Jim McDonald is on the verge of hitting a jackpot in New Jersey’s election sweepstakes as a new double-dipping county sheriff.
In January, he retired as Washington Township police chief at age 54 to draw a $94,000 a year state pension – and run for Warren County sheriff. After winning the GOP primary on aMcDonald is almost a sure bet to add a sheriff’s salary of $128,000 to his income next year – increasing his annual public pay to $220,000.
His sole opposition is longshot Joseph DeWitt, an independent candidate who skipped the primary. If elected, the retired part-time Independence Township cop has promised not to collect his $13,000 a year pension while sheriff. McDonald and his campaign did not respond to requests for comment.
“Public pensions are not really intended to be a way to change your lifestyle and double your income,” said Sen. Jennifer Beck (R-Red Bank), a longtime opponent of double-dipping. “It was created to support you when you are no longer working.”
Currently, three-fourths of the state’s sheriffs — 16 out of 21 — take advantage of existing loopholes to draw county salaries while receiving pensions as law enforcement “retirees,”. In an upcoming election packed with sheriff candidates who are double-dippers or would-be double-dippers, those numbers are unlikely to change much. Warren County Sheriff Richard Galant and Morris County Sheriff Edward Rochford are not seeking re-election, but all candidates running to succeed them are receiving monthly checks from the Police and Firemen’s Retirement System.
The Morris showdown pits two county retirees against each other for a job with a $139,000 salary. Democrat Mark Dombrowski, a former sheriff’s officer, gets $48,000 year from a disability pension. Republican James Gannon, a retired investigator for the county prosecutor, has pledged to not to collect his $78,000 a year pension while sheriff, if elected.
In Bergen County, Sheriff Michael Saudino is opposed by Republican Manuel Alfonso, a chief investigator for the state Department of Corrections. Saudino was elected as a Republican, but switched his allegiance to the Democratic Party this year.
Saudino rakes in more than any other double-dipping sheriff – $138,000 in salary plus $130,000 from pension. Alfonso is eligible for an $80,000 a year pension, but has promised not to collect retirement pay while he serves as sheriff.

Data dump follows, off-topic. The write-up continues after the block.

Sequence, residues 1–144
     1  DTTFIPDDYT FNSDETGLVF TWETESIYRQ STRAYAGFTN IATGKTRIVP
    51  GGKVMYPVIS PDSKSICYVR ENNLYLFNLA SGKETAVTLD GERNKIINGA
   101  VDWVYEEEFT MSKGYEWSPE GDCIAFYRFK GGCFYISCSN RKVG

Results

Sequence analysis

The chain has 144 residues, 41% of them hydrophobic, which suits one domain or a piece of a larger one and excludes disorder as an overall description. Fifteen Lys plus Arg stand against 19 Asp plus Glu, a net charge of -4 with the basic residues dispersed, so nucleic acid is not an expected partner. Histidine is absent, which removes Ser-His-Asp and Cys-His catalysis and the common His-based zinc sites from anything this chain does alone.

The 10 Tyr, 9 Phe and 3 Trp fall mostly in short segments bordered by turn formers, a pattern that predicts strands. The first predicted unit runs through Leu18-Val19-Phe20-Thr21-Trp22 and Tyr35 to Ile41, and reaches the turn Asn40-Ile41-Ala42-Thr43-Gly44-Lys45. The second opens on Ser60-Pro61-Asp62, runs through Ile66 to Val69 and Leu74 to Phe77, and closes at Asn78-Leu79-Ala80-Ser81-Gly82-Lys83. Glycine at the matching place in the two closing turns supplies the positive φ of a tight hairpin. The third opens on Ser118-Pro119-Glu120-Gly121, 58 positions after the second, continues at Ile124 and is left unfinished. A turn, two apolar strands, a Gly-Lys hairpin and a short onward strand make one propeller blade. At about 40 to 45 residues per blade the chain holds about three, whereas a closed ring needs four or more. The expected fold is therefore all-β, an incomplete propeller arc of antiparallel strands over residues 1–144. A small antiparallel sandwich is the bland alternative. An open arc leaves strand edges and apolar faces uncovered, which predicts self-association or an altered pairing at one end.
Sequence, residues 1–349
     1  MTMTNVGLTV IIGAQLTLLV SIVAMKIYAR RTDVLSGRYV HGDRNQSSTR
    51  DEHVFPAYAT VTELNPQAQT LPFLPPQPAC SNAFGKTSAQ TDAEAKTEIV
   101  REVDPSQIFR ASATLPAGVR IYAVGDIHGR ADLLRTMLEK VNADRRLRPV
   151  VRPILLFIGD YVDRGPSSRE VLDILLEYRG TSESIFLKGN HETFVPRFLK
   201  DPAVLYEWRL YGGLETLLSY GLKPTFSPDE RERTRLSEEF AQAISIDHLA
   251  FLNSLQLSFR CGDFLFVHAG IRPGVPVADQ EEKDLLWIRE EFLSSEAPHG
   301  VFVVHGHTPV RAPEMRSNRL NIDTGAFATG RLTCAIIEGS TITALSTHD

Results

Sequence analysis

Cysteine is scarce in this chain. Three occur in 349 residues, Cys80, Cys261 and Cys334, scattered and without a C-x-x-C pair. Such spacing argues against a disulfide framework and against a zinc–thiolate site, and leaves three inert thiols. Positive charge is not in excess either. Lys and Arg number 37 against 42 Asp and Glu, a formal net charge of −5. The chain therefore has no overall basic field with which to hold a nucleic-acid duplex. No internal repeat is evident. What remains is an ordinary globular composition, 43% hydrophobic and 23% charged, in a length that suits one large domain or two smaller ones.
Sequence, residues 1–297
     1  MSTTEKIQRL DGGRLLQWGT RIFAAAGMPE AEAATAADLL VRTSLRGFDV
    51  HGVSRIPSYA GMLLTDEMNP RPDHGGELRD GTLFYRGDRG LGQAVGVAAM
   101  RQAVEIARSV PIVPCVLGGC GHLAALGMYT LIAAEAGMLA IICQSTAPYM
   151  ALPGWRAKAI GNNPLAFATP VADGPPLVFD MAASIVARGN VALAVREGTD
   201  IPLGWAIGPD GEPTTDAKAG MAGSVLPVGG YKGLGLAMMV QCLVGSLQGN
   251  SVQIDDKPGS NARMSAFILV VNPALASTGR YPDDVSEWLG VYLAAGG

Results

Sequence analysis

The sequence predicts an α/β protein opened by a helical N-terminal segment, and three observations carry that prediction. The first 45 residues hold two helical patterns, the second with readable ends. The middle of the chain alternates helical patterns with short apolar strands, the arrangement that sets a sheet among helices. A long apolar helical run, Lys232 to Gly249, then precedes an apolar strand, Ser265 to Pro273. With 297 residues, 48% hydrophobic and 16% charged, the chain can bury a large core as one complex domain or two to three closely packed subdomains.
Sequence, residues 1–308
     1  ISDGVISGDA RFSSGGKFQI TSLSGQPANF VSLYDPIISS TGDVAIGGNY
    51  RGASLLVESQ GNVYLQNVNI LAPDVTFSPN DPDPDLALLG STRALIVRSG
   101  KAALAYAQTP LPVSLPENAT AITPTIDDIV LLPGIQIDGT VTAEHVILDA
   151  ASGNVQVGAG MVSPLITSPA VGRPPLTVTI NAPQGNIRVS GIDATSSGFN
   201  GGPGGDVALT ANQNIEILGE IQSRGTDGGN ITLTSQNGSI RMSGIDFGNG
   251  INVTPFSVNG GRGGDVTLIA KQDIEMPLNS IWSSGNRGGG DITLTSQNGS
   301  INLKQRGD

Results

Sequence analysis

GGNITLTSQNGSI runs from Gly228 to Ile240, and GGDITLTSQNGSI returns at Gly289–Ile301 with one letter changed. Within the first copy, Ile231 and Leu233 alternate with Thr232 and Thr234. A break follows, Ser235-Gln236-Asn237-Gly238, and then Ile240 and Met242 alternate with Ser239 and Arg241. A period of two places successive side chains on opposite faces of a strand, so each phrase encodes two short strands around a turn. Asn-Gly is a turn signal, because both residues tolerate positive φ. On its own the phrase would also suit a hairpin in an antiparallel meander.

Six other incumbent double-dippers are either unopposed or heavily favored over opponents who do not collect state pensions. They are: + Hunterdon County Sheriff Frederick Brown (R), unopposed
Sussex County Sheriff Michael Strada (R), unopposed
Passaic County Sheriff Richard Berdnik (D) versus Frank Feenan (R)
Ocean County Sheriff Michael Mastronardy (R) versus Sal Ottariano (D)
Somerset County Sheriff Frank Provenzano (R) versus Darrin Russo (D)
Middlesex County Sheriff Mildred S. Scott (D) versus Pedro Pisar (R)
Burlington County Sheriff Jean Stanfield (R) is not a double-dipper, but her opponent would become one if elected.
Democratic hopeful James Kostoplis gets $88,000 a year as a retiree of the Hamilton Township police in Mercer County. The Burlington sheriff’s salary of $120,000 would boost that total to $208,000 per annum.
to prohibit the county from hiring public pensioners. But the measure is unlikely to affect the county sheriff, an elected office established by the state constitution.
In seven counties — Essex, Mercer, Camden, Gloucester, Salem, Cumberland, and Cape May – incumbent double-dipping sheriffs are not up for re-election this year.to see the full list.
Overall, there are 11 “retirees” running for sheriff in 10 counties in the upcoming election. Seven of those candidates are incumbents. Only two counties — Hudson and Monmouth — have contests that do not involve pensioners
New Jersey’s tradition of double-dipping sheriffs began a quarter-century ago with Essex County’s Armando Fontoura.
In 1990, Fontoura retired as the county’s undersheriff at age 47. Three days later, he was rehired as the sheriff’s officer chief, a personnel maneuver to allow Fontoura to simultaneously receive both a pension and a county paycheck. The following year, he was elected sheriff, a job he has held ever since.
Without leaving the county payroll, Fontoura has raked in more than. Last year, he was elected to his ninth three-year term.
Double-dippers are also employed by county prosecutors, the state attorney general, the state police, local school districts, and other governmental entities — including the state Legislature.
The practice is most prevalent among law enforcement officers because of a provision of state law that applies only to them. Regardless of age, members of PFRS and the State Police Retirement System can retire with full pensions after 25 years of service. It provides a strong economic incentive to retire at relatively young ages, then return to public payrolls under a different job title.
“Many states just absolutely don’t allow it because they understand there’s a fiscal consequence, but New Jersey has a long history of allowing it,” said Beck. “It is a public policy that is wrong, and it will change when we reach a crisis scenario with our public pension system.”
“It has great symbolic importance … as the double-dippers have become the ‘face’ of a dysfunctional public pension system,” concluded a report by thelast year. “For this reason, the task force should consider ways to further limit this practice.”
Beck has been trying to close double-dipping loopholes since 2011, when she first proposed legislation that would halt pension checks to public retirees who return to government jobs that pay more than $15,000 a year.
Like its predecessors, thehas been trapped in committee since it was filed in January at the start of the current legislative session.
“We have to make a change,” said Beck. “Double-dipping is nonsensical and it’s not right. It may be allowed, but that doesn’t mean it is right.”